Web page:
SAN DIEGO (AP) — The Navy relieved the commanding officer of the USS Essex of his position, saying that officials lost confidence in his abilities after his ship collided with a tanker at sea, officials said Tuesday.
Capt. Chuck Litchfield had only been the commanding officer of the amphibious assault ship for a few weeks when the crash occurred about 120 miles off the coast of Southern California on May 16. There were no injuries or fuel spills.
The Essex was approaching the oiler USNS Yukon to be refueled as part of a routine operation when they ran into each other. Both ships were damaged but were able to continue on their way to San Diego.
Officials said at the time the steering apparently failed on the Essex, which was carrying 982 crew members on its way to San Diego for scheduled maintenance. It had spent the past 12 years based in Sasebo, Japan, as command ship for the Navy's Expeditionary Strike Group 7.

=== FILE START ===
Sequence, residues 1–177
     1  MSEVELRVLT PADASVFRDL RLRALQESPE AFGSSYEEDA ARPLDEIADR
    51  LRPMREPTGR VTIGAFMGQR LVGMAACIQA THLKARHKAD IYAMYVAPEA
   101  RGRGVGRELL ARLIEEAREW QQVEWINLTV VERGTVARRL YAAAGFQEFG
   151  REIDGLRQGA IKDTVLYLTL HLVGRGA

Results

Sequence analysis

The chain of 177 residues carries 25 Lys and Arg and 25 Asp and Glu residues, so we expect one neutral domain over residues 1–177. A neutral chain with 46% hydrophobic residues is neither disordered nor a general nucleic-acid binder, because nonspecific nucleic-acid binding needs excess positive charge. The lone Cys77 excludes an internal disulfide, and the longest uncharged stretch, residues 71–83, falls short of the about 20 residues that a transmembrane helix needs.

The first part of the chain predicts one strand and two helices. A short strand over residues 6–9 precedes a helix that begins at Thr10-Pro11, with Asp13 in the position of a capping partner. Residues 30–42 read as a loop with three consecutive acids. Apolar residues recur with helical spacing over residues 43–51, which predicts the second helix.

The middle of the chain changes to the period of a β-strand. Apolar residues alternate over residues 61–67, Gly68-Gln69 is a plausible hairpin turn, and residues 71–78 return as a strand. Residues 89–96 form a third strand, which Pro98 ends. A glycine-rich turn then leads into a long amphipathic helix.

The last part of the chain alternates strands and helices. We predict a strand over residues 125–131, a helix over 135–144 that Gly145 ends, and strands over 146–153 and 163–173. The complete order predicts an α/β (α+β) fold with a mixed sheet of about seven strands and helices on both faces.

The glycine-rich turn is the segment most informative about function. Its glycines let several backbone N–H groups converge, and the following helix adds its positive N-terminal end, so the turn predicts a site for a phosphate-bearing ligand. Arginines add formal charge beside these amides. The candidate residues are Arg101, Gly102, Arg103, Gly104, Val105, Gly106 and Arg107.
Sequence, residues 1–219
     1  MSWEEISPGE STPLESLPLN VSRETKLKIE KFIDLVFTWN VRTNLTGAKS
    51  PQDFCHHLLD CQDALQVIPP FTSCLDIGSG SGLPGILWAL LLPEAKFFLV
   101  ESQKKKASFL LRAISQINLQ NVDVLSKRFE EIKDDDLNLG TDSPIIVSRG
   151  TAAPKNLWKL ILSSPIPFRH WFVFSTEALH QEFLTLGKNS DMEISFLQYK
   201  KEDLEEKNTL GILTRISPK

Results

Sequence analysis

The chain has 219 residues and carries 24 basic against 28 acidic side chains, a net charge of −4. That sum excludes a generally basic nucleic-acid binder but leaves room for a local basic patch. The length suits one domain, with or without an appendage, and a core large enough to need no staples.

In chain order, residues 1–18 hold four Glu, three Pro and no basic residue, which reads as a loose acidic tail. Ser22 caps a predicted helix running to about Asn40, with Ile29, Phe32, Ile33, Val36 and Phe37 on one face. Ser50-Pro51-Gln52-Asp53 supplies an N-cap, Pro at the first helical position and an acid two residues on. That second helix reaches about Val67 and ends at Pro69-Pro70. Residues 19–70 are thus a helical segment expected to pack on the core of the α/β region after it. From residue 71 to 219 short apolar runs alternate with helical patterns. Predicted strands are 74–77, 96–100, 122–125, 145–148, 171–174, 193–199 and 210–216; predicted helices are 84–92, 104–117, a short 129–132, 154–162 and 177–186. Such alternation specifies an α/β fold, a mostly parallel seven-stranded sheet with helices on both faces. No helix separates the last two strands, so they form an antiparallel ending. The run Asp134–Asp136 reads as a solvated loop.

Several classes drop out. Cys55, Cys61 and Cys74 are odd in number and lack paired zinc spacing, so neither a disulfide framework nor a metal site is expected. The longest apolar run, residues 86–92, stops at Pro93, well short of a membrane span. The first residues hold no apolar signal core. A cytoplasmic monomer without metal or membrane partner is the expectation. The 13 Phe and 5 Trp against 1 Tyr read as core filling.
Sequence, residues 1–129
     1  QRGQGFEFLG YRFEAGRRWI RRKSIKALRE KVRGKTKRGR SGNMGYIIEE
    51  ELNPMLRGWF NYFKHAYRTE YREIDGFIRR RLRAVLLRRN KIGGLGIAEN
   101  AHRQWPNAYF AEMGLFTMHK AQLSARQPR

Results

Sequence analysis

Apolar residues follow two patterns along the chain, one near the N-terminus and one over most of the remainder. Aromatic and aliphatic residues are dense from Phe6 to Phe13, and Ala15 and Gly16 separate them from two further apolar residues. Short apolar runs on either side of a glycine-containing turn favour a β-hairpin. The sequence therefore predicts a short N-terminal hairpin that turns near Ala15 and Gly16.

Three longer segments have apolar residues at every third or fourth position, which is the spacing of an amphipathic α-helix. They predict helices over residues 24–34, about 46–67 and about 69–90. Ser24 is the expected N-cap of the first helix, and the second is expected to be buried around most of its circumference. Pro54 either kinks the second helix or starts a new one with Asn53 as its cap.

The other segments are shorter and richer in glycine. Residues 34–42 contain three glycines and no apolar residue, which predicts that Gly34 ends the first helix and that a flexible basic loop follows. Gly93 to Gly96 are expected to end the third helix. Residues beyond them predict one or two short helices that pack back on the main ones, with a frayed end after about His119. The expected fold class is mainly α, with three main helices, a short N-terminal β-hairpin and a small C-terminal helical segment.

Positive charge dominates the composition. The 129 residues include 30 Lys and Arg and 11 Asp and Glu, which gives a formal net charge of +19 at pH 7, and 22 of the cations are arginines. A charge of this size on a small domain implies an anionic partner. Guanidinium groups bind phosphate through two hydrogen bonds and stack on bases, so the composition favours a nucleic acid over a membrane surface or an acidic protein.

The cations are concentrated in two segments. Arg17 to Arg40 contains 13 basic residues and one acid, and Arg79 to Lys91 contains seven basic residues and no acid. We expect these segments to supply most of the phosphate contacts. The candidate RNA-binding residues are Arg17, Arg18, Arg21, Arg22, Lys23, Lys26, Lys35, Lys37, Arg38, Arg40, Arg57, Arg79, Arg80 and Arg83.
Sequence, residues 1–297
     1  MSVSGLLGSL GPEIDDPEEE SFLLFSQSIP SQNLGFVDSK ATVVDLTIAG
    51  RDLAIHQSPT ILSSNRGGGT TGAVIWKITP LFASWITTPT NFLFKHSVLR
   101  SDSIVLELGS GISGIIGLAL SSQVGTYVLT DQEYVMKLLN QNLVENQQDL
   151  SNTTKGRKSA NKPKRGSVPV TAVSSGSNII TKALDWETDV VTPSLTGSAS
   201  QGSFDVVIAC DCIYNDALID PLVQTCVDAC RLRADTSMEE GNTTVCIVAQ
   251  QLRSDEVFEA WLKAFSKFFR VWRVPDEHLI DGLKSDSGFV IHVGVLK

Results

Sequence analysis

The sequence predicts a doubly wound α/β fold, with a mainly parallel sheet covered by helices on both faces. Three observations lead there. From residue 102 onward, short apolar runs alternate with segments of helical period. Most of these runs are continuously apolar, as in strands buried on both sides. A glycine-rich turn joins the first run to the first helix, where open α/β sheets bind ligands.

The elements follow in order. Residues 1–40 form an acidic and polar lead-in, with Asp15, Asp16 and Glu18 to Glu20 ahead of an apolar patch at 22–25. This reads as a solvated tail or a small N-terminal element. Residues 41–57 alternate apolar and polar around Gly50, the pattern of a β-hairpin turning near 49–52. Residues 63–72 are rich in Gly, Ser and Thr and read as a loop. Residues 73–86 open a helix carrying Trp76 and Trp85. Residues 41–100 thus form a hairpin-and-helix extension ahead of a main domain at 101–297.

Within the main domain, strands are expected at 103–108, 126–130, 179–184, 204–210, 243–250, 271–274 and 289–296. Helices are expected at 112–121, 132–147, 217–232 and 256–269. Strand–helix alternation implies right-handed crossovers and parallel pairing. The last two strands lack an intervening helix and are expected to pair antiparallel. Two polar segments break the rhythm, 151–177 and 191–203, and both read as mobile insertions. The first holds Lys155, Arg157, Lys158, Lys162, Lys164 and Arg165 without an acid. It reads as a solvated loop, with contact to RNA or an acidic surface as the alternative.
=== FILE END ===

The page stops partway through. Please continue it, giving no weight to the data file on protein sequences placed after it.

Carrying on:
Officials could not be immediately reached for comment for details on why Litchfield was relieved of his command on Monday.
Capt. Jonathan Harnden has temporarily assumed command of the Essex until a permanent replacement is assigned. Harnden previously commanded the USS Bonhomme Richard, which Litchfield had taken command of Feb. 3 before switching over to the Essex April 23.
The Navy said Litchfield has been administratively reassigned to the staff of Commander, Naval Air Force of the U.S. Pacific Fleet.
Officials said the Essex will be able to depart as scheduled to participate in the Rim of the Pacific exercise this month in Hawaii.